Today, for breakfast, we had homemade cinnamon rolls. Not to be outdone, dinner said, “hold my beer,” and came around with colcannon and corn on the cob. Yum!
If you don’t know colcannon, this old Irish recipe traditionally contains cabbage, but here kale is substituted because why not? This makes a great comfort food side dish with a little nutrition wrapped in! Everyone in the house likes it, even if they aren’t into greens.
5 lb chopped potatoes (peeled or not)
5 cloves garlic, minced (optional)
4 T olive oil
6-8 cups roughly chopped kale
3 tsp soy sauce
1 tsp liquid smoke
2 T nutritional yeast (optional)
4 T unsweetened soy milk
Salt and pepper to taste
Chop potatoes (skins on or off) and put on to boil. Put olive oil and garlic in a large pan and sauté the garlic until fragrant. Add kale, soy sauce, and liquid smoke and toss to coat. Cook kale at medium high until tender. When potatoes are tender, drain. While potatoes are draining, add milk to kale mix to warm. Then combine ingredients and mash by hand or with an electric mixer. I leave these a little more solid than I would mashed potatoes, since the kale is in there. Salt and pepper to taste.
Instant Pot Corn on the Cob
6-8 ears of corn
2 cups of water
Shuck and clean corn as usual. Add 1 cup of water into the instant pot. Place corn on top of the rack/trivet. Cook at high pressure 2 minutes. Allow to cool for 3 minutes then quick release.
This is one of the most searched for posts on The VeganAsana, so it is always good for a repost, and we had it last night for dinner!
It’s an easy recipe, but it does take about 2 hours to cook. I use a half-steamer disposable foil tray for cooking this, just because it is a little hard to clean out of a pan.
If you want to be extra, you can use fresh potatoes, shredded, but we like it with tater tots. We are just classy like that.
2 blocks firm or extra firm tofu, drained
¼ cup unsweetened soy milk
1 package of your favorite faux sausage (this time I used Lightlife)
1 package frozen hash browns or tater tots
1 medium onion, diced
Other veggies to taste: red pepper, spinach, kale, mushrooms
1/4 cup nutritional yeast
1 tsp turmeric
1/2 tsp cumin
2 tsp black salt
1 tsp smoked paprika
Daiya or other cheese (yesterday, I used Follow Your Heart)
Depending on the form of your fauxsage, you may want to fry it first. Most of the “patties” don’t require that.
Place tofu in food processor or blender with the soy milk. Pulse until fully broken up and liquidy. You actually *can* stop earlier if you want your tofu to be more chunky and to sit on top of the potatoes. We like ours to sink between the tater tots, but that does require additional baking time to wait on it to set up.
Fold in nutritional yeast, turmeric, cumin, and salt.
If you are using a standard baking dish, cover the bottom with parchment paper. Add veggies (except spinach/kale – that you would place in a layer on top of the tofu) to hash browns or tater tots. Add tofu mixture and spread evenly. Sprinkle on or place sausage. Cover with vegan cheese.
Cover with foil and cook at 375* for an hour. Remove foil and continue cooking until heated through and the tofu has mostly firm back up.
Remove from oven and allow to settle (covered) for 10-15 minutes before serving. Serve with hot sauce, if desired.
Sometimes, like Black Joe Lewis & the Honeybears, you’re broke. We all either have been or will be there. And when there is a worldwide pandemic that has decreased income and increase prices, more than just a few folks have ended up broke.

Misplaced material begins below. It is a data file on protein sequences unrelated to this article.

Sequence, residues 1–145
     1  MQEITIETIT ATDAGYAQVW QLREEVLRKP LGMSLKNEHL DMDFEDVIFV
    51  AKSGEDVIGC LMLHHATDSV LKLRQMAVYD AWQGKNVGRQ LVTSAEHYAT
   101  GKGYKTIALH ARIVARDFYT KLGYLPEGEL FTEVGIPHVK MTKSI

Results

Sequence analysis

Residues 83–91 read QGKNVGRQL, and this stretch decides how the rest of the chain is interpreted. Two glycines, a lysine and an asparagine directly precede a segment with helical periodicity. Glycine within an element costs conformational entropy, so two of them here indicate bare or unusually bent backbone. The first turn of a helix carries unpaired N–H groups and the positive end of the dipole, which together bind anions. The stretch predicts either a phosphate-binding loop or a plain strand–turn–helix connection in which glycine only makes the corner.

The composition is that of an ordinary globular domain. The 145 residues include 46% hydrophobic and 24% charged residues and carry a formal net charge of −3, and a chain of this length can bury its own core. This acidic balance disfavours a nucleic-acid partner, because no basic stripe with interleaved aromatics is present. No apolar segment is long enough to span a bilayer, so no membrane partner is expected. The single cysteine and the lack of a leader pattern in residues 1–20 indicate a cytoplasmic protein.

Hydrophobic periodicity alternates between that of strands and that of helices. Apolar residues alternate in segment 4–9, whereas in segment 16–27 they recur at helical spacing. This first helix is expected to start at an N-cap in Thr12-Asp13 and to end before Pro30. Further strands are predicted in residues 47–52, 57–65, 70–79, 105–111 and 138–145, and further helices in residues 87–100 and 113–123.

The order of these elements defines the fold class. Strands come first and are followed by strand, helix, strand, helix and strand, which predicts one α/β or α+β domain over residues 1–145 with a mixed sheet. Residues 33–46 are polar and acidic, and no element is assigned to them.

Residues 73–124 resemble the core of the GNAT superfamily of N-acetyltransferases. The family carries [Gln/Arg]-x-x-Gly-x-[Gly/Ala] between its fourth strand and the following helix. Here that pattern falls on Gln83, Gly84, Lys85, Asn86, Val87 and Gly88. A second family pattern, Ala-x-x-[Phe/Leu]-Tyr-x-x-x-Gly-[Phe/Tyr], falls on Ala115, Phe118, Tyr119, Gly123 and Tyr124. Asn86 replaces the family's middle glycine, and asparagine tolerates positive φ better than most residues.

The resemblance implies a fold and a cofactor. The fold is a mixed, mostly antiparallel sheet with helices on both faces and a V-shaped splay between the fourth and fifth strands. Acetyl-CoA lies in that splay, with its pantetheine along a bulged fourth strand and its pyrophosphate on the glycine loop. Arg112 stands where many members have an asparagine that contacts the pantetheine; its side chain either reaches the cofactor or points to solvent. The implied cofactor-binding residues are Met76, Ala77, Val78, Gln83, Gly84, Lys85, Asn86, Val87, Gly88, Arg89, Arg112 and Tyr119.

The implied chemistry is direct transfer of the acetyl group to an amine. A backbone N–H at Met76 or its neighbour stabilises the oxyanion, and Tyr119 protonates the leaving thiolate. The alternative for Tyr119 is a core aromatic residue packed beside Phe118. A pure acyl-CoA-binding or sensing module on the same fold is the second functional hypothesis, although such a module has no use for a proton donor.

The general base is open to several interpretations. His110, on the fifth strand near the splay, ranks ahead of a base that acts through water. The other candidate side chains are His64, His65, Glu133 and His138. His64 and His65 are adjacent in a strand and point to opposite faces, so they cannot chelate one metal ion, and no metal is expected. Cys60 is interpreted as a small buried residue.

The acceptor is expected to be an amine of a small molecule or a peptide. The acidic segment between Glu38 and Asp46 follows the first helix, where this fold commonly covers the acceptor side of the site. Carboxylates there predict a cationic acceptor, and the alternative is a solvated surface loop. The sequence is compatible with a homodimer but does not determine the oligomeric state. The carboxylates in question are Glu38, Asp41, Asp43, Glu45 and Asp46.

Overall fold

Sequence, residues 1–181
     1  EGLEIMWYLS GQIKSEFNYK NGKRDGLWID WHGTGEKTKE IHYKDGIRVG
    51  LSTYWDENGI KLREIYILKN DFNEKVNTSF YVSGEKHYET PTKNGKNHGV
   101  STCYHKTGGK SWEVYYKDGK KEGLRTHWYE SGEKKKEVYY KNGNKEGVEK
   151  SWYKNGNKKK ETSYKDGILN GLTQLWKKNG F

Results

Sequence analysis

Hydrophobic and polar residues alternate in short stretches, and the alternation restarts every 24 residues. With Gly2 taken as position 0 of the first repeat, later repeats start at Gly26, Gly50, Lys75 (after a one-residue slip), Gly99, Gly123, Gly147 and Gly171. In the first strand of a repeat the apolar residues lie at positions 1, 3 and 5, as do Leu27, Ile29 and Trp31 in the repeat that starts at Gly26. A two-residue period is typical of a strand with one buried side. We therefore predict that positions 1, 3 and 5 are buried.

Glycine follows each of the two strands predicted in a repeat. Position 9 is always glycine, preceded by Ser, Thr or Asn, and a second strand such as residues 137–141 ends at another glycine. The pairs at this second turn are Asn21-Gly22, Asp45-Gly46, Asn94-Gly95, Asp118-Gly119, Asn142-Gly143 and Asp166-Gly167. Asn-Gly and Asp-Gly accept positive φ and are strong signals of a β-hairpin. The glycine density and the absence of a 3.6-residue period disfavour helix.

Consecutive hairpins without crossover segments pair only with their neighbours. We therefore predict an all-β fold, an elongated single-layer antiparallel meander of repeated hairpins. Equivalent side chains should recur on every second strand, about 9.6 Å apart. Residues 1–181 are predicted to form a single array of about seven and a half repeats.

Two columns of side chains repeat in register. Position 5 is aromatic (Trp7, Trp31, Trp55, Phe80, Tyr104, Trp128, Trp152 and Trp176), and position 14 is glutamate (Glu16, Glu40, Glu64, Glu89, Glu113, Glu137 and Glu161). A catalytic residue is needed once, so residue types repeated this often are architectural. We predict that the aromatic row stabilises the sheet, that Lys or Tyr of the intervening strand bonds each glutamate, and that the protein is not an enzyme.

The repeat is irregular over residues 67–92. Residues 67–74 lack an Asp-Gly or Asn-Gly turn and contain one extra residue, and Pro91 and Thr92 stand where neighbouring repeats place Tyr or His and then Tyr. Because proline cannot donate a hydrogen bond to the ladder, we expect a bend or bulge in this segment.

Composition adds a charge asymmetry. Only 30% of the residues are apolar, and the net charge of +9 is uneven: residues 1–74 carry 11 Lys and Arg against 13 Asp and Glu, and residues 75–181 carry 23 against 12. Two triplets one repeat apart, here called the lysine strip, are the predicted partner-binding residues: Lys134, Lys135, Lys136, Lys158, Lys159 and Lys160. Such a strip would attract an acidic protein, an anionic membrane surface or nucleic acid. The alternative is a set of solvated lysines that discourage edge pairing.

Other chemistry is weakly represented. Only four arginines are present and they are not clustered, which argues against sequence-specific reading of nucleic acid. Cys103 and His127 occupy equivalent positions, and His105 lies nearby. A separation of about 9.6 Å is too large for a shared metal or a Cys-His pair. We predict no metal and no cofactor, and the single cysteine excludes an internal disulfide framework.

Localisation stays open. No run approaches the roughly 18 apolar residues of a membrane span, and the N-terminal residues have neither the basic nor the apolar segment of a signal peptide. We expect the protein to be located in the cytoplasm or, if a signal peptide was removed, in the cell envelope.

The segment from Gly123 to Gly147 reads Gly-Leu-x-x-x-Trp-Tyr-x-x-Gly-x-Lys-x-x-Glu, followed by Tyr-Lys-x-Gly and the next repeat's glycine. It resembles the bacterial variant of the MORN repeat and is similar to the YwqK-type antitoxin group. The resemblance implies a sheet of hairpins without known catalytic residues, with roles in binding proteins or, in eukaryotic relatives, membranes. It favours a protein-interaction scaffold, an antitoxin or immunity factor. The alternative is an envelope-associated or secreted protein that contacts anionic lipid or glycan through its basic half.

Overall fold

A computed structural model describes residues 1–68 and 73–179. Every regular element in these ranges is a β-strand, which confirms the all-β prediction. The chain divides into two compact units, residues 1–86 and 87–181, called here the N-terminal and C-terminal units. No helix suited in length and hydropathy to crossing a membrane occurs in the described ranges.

A limited budget can be a deterrent to making the choice to go vegan, or sometimes people believe that you can’t do it – or maintain it – on a budget. It’s true that there are rarely amazing sales, loss leaders, or coupons for fresh nutritious food. But, eating vegan and maintaining a budget-friendly diet are not an impossible combination. You don’t have to live on ramen noodles!
Some general thoughts to decrease costs and increase vegan goodness:
Eat in season when you can – If you can get to a farm stand or a farmers’ market that is open now, you’ll find the best deals on fruits and vegetables (unless you want to plant a garden, in which case the deals get better).
Plan your starches – Don’t eat white rice or white pasta every day, even though they are really inexpensive options. If you try that, you’ll get bored and unhappy and end up spending $20 on a Papa John’s pizza or binging on Doritos.
Cook ahead when you can – If you are cooking for 1 or 2, it’s far more cost effective to cook ahead and freeze or eat the item across the week. You can always repurpose or reseason things to make them seem different the second or third time. Waiting until the last moment will lead you to more pricey choices like ordering from DoorDash.
Protein is important, but we don’t need as much as the beef industry wants us to think we do. You’ll notice a lot of beans in the recipes below because beans are good, cheap, and I love them. But, you have other options. In fact, you will probably find it’s just not that difficult and you can even get it in your desserts and without eating soy or nuts.
Buy in bulk, and generic, where it makes sense, and, when you can’t, compare prices! That’s harder right now, but as stores begin to open up more fully, it will be available again.
When something that doesn’t go bad is on *super* sale (like dried spices, sea salt, or hot sauce), get a few. You’ll spend a little more now and save later. But, don’t let the 10 for $10 sales fool you into buying things you won’t use (or buying things that would actually be less on a daily basis).
Pick one “luxury” ingredient to buy each week. One week it might be a nice bottle of olive oil (not super pricey, maybe $8). One week it could be a container of dark cocoa for cooking and baking. You’ll build your pantry supplies without spending a fortune at once.